Controversy has been swirling this week over the New York Times op-ed supposedly written by a senior administration official bashing President Trump.
The allegations in the editorial are actually nothing new. President Trump has been described as running a chaotic White House by people who have been willing to go on the record for more than a year. People who have been extraordinarily happy with the actions of the White House and Trump’s policies overall seem to be taking the latest hysteria in stride. Those who disagree with those actions and policies are more likely to be climbing the walls.
Same old, same old.
But the problem is this “anonymous” business. It’s a problem not just because it undermines the credibility of the author and veracity of the claims, but also because it’s part and parcel of the disease of no accountability that’s infecting this country right now.
Let’s start with this particular author’s credibility. The question for him or her is simply: Why be anonymous? Most of the news media and political establishment has made it clear that it’s eager to reward anyone from the Republican Party and especially the Trump White House who turns on the President. People like James Comey, Jeff Flake, Bob Corker, Omarosa Manigault-Newman, whom the left and the left-leaning media vilified before they became Trump critics, are treated like heroes as soon as they make that turn. Why not come out of the shadows, get a big book deal, and do a fawning media tour instead of nameless op-ed?
The answer is one of two things. The author could just want to keep his or her job more than actually help “save the country.” If that’s the case, the allegations in the article should be ignored simply because we’re dealing with someone who thinks their job is more important than the dire circumstance he or she is describing.
The other possibility is that the author truly believes it’s his or her sacred mission to stay in place and save the country from President Trump. If that’s the case, we’re dealing with an unelected bureaucrat who fancies him or herself more important than the democratic process. If saving the country is so important, bring specific evidence of President Trump’s dangerous misdeeds first to Vice President Pence so he can enact the 25th Amendment’s process to remove the president, or bring them to Congress so it can begin impeachment proceedings.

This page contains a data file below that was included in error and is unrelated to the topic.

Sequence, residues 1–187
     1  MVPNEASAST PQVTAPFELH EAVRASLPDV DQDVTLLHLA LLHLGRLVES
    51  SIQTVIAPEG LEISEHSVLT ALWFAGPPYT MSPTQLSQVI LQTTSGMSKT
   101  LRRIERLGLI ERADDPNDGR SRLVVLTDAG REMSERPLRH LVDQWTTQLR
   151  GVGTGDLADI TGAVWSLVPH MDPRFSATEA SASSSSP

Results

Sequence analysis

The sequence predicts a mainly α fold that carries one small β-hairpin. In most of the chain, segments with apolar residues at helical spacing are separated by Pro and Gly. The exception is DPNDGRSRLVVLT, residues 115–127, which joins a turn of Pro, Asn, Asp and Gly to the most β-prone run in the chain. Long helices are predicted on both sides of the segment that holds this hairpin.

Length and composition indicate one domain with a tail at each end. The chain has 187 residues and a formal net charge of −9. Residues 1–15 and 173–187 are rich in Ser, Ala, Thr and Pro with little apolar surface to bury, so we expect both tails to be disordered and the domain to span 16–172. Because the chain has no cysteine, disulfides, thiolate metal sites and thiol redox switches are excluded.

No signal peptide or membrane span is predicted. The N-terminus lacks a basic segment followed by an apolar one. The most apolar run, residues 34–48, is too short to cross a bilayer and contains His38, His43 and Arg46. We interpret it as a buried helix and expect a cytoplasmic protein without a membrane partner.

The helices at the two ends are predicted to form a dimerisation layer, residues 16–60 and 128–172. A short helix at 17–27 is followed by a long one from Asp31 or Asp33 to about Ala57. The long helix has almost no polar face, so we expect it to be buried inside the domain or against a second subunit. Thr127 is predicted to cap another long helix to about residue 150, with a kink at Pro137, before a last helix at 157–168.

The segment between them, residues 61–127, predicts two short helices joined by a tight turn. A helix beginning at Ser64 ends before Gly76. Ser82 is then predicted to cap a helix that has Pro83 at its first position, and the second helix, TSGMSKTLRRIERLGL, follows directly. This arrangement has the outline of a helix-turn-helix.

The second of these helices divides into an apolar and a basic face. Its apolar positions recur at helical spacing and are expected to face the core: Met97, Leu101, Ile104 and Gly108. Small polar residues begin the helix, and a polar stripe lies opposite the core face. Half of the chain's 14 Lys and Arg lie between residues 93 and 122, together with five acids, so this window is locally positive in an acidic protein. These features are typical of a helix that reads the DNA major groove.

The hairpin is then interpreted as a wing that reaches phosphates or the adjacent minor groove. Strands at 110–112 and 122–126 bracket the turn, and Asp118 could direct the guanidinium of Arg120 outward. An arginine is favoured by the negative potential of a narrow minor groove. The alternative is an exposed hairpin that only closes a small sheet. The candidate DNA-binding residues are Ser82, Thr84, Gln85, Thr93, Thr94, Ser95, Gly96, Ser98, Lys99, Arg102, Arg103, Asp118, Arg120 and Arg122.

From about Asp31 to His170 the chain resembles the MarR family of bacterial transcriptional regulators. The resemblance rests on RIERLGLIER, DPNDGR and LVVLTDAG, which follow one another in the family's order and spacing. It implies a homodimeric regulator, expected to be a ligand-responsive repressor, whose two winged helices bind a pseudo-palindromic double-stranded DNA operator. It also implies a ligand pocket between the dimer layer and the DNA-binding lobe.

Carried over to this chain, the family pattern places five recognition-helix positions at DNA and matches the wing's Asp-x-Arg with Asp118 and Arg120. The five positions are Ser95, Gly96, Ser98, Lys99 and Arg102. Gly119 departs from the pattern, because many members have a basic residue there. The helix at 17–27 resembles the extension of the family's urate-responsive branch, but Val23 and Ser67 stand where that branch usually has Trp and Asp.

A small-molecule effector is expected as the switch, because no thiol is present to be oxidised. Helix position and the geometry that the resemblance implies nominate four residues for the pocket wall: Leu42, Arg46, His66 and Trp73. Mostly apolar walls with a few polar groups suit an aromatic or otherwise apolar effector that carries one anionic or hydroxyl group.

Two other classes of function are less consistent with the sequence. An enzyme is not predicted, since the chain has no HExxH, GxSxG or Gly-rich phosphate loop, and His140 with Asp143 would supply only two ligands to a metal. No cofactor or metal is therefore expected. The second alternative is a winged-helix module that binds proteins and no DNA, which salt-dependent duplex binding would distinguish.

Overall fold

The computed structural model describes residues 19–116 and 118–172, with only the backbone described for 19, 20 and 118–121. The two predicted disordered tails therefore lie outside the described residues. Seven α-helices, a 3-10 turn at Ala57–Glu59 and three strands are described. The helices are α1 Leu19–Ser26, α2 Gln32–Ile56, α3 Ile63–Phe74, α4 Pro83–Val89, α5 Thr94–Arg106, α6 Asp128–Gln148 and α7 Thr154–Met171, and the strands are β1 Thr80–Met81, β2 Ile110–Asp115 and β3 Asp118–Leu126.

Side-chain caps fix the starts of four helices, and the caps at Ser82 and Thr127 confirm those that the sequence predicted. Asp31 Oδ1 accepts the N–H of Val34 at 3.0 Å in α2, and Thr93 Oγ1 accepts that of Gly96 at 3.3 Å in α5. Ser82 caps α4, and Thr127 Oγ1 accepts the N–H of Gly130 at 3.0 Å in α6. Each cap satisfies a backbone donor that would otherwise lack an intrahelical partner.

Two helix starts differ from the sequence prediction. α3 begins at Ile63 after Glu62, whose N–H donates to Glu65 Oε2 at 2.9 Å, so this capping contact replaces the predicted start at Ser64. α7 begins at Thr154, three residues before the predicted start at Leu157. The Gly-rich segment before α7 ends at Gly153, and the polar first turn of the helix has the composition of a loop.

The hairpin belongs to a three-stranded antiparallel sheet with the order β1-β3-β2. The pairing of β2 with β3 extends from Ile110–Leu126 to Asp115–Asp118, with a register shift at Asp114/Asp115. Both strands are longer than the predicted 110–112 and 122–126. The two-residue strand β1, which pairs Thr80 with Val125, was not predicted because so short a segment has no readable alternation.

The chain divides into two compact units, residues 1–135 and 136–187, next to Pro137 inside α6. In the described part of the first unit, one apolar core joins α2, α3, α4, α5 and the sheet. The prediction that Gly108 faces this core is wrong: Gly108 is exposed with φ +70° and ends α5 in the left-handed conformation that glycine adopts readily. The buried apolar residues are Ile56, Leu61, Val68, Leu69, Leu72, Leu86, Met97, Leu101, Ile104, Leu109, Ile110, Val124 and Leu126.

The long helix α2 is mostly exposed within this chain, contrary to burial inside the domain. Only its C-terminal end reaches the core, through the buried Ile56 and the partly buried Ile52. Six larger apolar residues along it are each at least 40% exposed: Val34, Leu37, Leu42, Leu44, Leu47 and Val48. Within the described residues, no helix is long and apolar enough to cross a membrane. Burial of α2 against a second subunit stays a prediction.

Otherwise, clam up.
But let’s get back to the how this anonymous thing is indicative of a national problem. Today’s America is inundated 24/7 with a steady stream of anonymous hatred, rudeness, and inappropriate commentary on social media. Millions of Americans, and people from heaven knows where, log on each day to bash everything and everyone with none of the accountability that comes with identifying oneself.
We have millions of others on social media who do identify themselves but don’t have to follow the norms we do in face-to-face debate. Let’s face it, almost all of us are meaner, snarkier, or just plain more obnoxious when we interact with one another on Facebook or Twitter. I know I myself have been guilty of this many times … although I’m truly working on it. The point is, going after each other online is easier because it offers real or near-anonymity. And when we’re anonymous or nearly anonymous, being nasty is a lot easier.
Contrast that with what we do as a community on Rosh Hashanah and Yom Kippur. During the seminal Al Chait prayer, we not only list every possible sin and apologize for them, we do so out loud and in a very close public setting. By not hiding behind silent prayer or singling out only some sins here and there, we choose the extreme opposite of anonymity and all the ethical problems that come with it.
Not only are we seeing the ugly opposite of that among regular American citizens, but it’s clear politicians from all sides have embraced the non-face-to-face nature of social media and played it for all its worth. Yes, President Trump is a big offender here. But he is just the most visible person using social media to play his message to his own ends. Just like politicians changed their styles to fit radio in the 1930s and TV in the 1950s, now they’re looking to succeed on the social media stage. The medium is the message, and with social media the message is uglier and meaner.
In a better world, our elected leaders would be moving away from the public’s worst instincts and habits. But in America, it’s the opposite. And America can’t move in a positive direction until the scourge of anonymous and quasi-anonymous commentary, activism, and representation goes away.
Jake Novak has been a TV news producer and editorial columnist for more than 25 years, with expertise in political, economic, religious, and cultural issues. He has produced shows at CNBC, CNN, FOX, and several local stations across the country. Novak is a graduate of the Yeshivah of Flatbush, has a bachelor’s degree in political science from Columbia University, and a master’s degree from Northwestern’s Medill School of Journalism. Follow him on Twitter @jakejakeny and watch out for future columns on 5TJT.com.